Consider the following contrived contract function:

function submitOffer(uint256 foo) public payable {
    emit MyEvent(foo);
    // then later...
    require(foo > 10, "Foo must be greater than 10");

This function emits an event on the first line, then later checks some require condition. If the condition fails, any state changes are reverted. Will this cause the event to be "reverted" (or never actually emitted) as well? I assume the answer is yes because the transaction will never actually get included in a block, but is there something I'm not considering?

2 Answers 2


Well, yes.

If a transaction reverts, from the blockchain's state of view, it's like it never happened. No changes are stored. But the transaction is still visible off-chain, as a reverted transaction - but still no changes are stored, and this includes also event emittance.

A reverted transaction is included in a block, so in that sense it's a regular transaction. So it does leave a permanent trace.

  • 1
    So the record of the failed transaction will exist on the blockchain, but the event will not appear in the logs for the contract, and anyone observing the event with web3 will not be notified that the event has fired, correct?
    – dalton_c
    Commented Apr 4, 2021 at 19:52
  • 3
    correct. The transaction is processed as "all or nothing". If it reverts, everything reverts. Commented Apr 4, 2021 at 21:06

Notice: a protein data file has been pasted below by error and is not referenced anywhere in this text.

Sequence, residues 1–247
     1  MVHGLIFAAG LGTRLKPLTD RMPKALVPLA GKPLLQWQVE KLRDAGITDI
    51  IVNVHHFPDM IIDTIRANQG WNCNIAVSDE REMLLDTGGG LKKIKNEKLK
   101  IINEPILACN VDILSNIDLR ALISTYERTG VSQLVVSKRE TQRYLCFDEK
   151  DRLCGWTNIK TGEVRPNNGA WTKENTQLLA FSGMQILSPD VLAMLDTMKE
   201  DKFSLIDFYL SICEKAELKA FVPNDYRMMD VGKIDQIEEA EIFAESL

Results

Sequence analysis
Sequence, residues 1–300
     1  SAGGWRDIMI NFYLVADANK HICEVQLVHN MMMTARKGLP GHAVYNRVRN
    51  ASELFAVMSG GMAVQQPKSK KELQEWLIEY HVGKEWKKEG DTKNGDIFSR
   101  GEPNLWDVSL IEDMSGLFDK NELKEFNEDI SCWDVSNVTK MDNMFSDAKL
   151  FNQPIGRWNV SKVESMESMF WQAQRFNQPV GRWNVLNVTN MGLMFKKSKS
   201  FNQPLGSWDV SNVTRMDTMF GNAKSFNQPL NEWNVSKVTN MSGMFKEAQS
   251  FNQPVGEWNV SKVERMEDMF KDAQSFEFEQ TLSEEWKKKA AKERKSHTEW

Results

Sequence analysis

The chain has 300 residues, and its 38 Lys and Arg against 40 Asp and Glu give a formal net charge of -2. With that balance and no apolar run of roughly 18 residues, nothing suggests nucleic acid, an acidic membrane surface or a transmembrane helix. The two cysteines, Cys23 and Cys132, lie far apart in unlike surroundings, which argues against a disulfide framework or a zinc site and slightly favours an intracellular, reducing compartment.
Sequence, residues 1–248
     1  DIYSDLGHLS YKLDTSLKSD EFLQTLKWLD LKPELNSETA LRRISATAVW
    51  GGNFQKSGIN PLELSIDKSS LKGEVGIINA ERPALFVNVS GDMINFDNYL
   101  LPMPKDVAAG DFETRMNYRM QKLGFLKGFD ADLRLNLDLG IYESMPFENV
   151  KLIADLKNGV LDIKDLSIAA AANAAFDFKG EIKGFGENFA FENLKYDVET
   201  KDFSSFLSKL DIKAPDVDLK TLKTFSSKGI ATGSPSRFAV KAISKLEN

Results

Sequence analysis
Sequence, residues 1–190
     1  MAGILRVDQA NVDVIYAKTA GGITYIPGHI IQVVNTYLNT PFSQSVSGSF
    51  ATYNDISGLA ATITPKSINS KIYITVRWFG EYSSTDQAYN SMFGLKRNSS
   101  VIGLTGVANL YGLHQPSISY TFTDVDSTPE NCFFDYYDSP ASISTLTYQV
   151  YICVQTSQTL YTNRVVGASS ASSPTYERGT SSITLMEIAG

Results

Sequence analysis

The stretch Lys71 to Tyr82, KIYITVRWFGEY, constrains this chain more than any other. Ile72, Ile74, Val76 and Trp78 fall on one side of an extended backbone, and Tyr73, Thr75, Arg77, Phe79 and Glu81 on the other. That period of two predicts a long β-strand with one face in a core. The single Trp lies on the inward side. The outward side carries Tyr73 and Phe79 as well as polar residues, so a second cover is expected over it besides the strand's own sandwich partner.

• 1
    @LauriPeltonen What is the purpose of the record remaining on the blockchain if the transaction is "atomic"? Who is it for?
    – YulePale
    Commented May 27, 2021 at 14:59
  • 1
    Well, a reverted transaction is also a valid transaction. It just has a (probably) undesired result. Furthermore, blockchains are immutable Commented May 27, 2021 at 16:12

Yes. Think of it, not as the smart contract operating "live" on the real/live blockchain and then later "rolling back the changes." This can also be confusing because, yes, what happens to the events?

Instead: Think of it like this, which is more accurate: When the smart contract runs, a local EVM is set up. Nothing has to do with the live blockchain; nothing is changed in the live blockchain.

ONLY when the local EVM completes correctly will the changes be applied (so always after the fact) to the actual blockchain. And hence, since the tx reverted, no events are emitted since no part of the code will be "rolled out" to the live blockchain.


  1. Run in a sandbox.
  2. If not reverted: Apply to "the real blockchain."
  3. If reverted: Just simply don't apply any changes (and simply don't submit any events as a corollary).

Do note, however that a failed transaction - even though it never ran on the real blockchain - will show up in the "Receipts" part of the block (specifically in the Receipts Trie) as a failed transaction.

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